What is the issue that most troubles many rural communities in Sussex? You are expecting me to say housing or access to services, perhaps even the recession. All of these are true, but one of the things that most affects people’s quality of life is speeding traffic. Not just those breaking the speed limit, but the cumulative effect of the volume, speed and apparent carelessness of traffic through villages. And, yes, often those who speed the most through villages are those who live nearby and are complacent about their knowledge of the roads. The overall effect of traffic is to restrict people’s willingness to move around on foot and certainly their willingness to let their children out, unaccompanied, on foot or by bike. As a result the quality of life for many has decreased and children are seldom free from their caring parent’s watchful eye.
In effect what we have done over recent years is to transfer all the sense of risk caused by cars away from their occupants and to others on the roads and pavements around them. Cars are modern, quick and comfortable; they feel disconnected from the rest of the world. They are also safe, fully replete with airbags, seatbelts and radar trap detectors. Good, you say! Perhaps, however, the solution to reducing the number of people killed and seriously injured (KSI) on our roads is to put the risk back into the car. A first step might be to ban seatbelts from the driver’s seat and put a large spike in the middle of the steering wheel. Perhaps those driving under these conditions would drive with a little more care and our KSI numbers would start to drop.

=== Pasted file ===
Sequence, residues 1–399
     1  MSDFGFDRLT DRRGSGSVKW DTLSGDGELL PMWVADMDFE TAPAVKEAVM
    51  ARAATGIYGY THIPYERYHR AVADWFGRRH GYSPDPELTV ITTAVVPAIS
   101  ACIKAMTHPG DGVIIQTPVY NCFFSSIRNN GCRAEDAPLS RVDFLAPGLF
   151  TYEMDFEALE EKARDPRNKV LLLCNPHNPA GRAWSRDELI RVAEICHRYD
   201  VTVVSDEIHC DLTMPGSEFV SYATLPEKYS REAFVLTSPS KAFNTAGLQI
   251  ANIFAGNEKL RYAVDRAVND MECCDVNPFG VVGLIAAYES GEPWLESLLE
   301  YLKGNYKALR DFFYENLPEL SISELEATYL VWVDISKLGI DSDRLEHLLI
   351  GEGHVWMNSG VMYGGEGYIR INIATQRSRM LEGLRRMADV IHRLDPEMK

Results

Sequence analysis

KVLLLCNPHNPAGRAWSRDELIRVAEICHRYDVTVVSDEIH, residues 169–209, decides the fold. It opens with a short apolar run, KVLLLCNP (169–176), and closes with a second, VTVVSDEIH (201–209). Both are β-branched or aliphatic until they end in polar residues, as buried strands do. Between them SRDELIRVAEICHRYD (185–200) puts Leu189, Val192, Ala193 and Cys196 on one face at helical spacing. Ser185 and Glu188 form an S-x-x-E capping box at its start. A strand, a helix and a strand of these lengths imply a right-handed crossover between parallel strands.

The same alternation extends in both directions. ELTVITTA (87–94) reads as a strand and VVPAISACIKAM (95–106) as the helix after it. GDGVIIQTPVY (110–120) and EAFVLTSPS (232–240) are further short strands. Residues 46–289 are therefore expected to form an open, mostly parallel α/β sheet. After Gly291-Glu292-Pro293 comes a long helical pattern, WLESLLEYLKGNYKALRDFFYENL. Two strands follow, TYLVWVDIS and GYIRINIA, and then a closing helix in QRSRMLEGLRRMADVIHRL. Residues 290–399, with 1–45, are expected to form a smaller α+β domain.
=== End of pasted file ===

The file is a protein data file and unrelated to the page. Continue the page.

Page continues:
I find BT’s current Broadband ads make me more than a little queasy so it is a suprise that I have seen enough of them to notice that the latest two have both been filmed in Sussex, one in Lewes and the current one in Arundel. They are extolling the virtues of BT’s incredibly reliable and fast broadband internet connections! In particular the current one places great stress on the 20Mbps speed that they can provide. I am afraid I have not been quite this fast in trying to spot the inevitable disclaimer to these speeds that must be in the small print on the bottom of our screens.
For the record then, these are the speeds that BT’s own calculator says are available in these places. In Lewes and Arundel it is 6.5Mbps and in outlying parts of Arundel, but still in site of the Cathedral it is 6.0. However, within the rural parts of Lewes District, BT’s calculator tells me that I can get a whole 2.0Mbps on my flaky line from the exchange. In practice it seldom exceeds 512kbps; perhaps one day I will arise at 4.00am, when the rest of the surfing world have slumped in front of their video dowloads, and see if I get close to 2.0Mbps.